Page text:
Question bank in Indian universities
Question bank is a collection of questions produced by universities and examining boards in different subjects over the years.
Examiners can select questions from these question banks for setting up question papers. They contain questions to examine students both in internal as well as external examinations. Types of questions available in question banks are of essay type and objective type. Questions to question banks are selected in such a way that they test students' comprehensive ability.
Development of question bank:
Association of Indian universities has formed question bank containing 10000 questions in physics, chemistry, botany, zoology, mathematics, commerce, economics etc. Collecting questions from previous years' question papers is one way. Senior professors and heads of departments may be asked to contribute questions to question banks. A seminar may be arranged, where faculties from different universities will participate, discuss and frame questions. An organized way of designing, publicizing and training will be necessary for successful implementation.
Question banking is considered as a part of the examination reform. This question bank helps universities to maintain standard of education at same level in all colleges. Less experienced teachers can collect questions from these banks where questions are framed by senior professors. Teachers and examiners are continuously involved in creating more and more questions for inclusion thus keeping them professionally involved. Question banks if carefully built up can influence curriculum development, guiding in interpreting syllabus, writing objectives, building valid questions are some of the possible gains. Teachers will be trained as item writers. They will develop scientific skills not only in item writing but also in prevalidating them. More and more effective methods of teaching and learning can be implemented. Difficulties in students' learning can be diagnosed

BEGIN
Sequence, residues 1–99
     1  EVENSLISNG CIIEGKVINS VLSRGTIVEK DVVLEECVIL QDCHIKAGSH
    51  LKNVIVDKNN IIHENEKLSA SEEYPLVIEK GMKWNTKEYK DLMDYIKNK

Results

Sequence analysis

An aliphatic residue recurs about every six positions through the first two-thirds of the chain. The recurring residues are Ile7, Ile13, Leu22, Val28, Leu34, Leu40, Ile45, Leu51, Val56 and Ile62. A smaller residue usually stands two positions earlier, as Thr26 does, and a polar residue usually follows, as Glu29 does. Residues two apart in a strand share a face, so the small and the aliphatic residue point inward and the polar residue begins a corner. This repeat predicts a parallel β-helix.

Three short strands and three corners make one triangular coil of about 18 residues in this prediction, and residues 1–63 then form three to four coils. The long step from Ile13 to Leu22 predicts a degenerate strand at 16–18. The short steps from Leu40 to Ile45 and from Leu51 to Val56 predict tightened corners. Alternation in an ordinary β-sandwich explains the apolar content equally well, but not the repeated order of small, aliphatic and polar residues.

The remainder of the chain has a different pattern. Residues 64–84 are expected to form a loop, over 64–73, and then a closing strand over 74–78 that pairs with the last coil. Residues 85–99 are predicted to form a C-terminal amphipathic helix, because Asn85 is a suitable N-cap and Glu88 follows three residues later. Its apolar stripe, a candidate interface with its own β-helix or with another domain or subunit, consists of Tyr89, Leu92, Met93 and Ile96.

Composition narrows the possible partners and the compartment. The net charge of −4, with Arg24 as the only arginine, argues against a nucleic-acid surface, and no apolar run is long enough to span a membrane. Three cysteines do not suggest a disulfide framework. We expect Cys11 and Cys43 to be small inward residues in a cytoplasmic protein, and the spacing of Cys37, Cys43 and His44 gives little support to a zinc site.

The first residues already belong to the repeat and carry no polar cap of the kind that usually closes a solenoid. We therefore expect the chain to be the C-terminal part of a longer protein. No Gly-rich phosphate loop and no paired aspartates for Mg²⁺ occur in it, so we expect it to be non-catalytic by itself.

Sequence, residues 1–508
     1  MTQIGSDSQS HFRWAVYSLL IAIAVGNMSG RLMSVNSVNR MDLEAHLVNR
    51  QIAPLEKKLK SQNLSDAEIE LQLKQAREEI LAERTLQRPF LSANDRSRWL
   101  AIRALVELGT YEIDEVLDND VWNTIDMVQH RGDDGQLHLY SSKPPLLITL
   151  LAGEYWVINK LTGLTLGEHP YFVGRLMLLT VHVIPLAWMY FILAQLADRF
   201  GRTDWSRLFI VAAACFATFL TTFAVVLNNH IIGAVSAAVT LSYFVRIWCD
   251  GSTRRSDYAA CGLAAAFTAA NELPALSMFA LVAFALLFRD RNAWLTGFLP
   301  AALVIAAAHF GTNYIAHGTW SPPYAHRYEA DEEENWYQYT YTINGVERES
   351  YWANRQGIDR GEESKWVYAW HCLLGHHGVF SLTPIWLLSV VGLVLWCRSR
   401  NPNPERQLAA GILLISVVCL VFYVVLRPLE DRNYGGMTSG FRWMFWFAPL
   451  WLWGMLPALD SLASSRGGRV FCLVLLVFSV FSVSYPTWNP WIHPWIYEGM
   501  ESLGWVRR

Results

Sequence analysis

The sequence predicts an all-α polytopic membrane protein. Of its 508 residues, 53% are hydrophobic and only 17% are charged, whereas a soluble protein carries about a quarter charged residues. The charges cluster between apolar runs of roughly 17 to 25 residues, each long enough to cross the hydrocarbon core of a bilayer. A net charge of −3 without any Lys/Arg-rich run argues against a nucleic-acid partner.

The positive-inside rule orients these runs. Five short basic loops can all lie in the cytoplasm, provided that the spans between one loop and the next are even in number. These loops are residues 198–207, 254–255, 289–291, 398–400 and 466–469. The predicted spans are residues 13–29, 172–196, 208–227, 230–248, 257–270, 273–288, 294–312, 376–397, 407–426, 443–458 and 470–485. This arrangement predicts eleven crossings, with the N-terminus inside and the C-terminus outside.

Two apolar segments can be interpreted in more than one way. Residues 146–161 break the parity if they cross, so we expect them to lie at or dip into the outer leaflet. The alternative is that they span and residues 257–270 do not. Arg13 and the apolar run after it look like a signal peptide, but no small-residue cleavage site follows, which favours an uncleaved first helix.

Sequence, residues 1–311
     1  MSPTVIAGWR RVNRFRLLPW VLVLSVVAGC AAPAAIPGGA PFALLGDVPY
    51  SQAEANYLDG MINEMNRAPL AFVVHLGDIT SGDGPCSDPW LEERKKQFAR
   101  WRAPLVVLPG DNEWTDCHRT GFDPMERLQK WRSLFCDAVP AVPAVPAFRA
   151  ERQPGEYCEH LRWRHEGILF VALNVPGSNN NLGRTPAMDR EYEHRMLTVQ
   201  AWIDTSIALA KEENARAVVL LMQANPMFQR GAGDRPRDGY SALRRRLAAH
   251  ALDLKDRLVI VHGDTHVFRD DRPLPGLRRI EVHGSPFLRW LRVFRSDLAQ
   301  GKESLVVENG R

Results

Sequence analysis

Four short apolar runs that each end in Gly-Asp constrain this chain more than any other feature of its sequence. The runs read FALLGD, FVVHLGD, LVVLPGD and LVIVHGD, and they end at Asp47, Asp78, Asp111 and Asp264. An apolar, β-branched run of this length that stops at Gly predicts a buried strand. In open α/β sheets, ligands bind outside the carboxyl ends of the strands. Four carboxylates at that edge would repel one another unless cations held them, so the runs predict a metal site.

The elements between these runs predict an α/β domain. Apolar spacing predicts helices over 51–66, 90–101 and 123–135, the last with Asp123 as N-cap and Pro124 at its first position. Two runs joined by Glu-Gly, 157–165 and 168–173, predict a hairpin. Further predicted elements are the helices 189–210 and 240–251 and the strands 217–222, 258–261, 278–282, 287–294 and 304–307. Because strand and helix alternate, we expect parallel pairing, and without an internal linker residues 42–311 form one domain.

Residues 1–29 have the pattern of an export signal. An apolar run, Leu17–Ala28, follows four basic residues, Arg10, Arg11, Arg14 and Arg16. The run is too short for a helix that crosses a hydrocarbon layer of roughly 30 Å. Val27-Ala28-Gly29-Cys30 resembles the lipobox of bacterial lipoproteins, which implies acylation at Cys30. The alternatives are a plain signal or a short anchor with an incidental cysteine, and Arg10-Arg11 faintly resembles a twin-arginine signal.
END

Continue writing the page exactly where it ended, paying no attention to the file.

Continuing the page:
Storing of questions
Questions are stored in trays called "cardex trays". 8 "x5" cards are ideal for storing questions in cardex trays. The card contains questions and statistical data about questions. It would be difficult to imagine a question bank developing it full potential without making use of technical and administrative advantages of computes. The handling of large scale computations of questions to question banks is possible only with computer. For limited scale applications printed booklets or brochures is sufficient.
A question offers a chance (i) to produce and evaluate questions on a relatively more effective basis. (Ii) To carry out concurrent comparability. (Iii) To match the examinations to the curriculum that is taught and not as tends to happen in the conventional setting the other way around. The question bank would act as a neutral educational and administrative service helping teachers and examiners to solve some of the problems with large scale examining.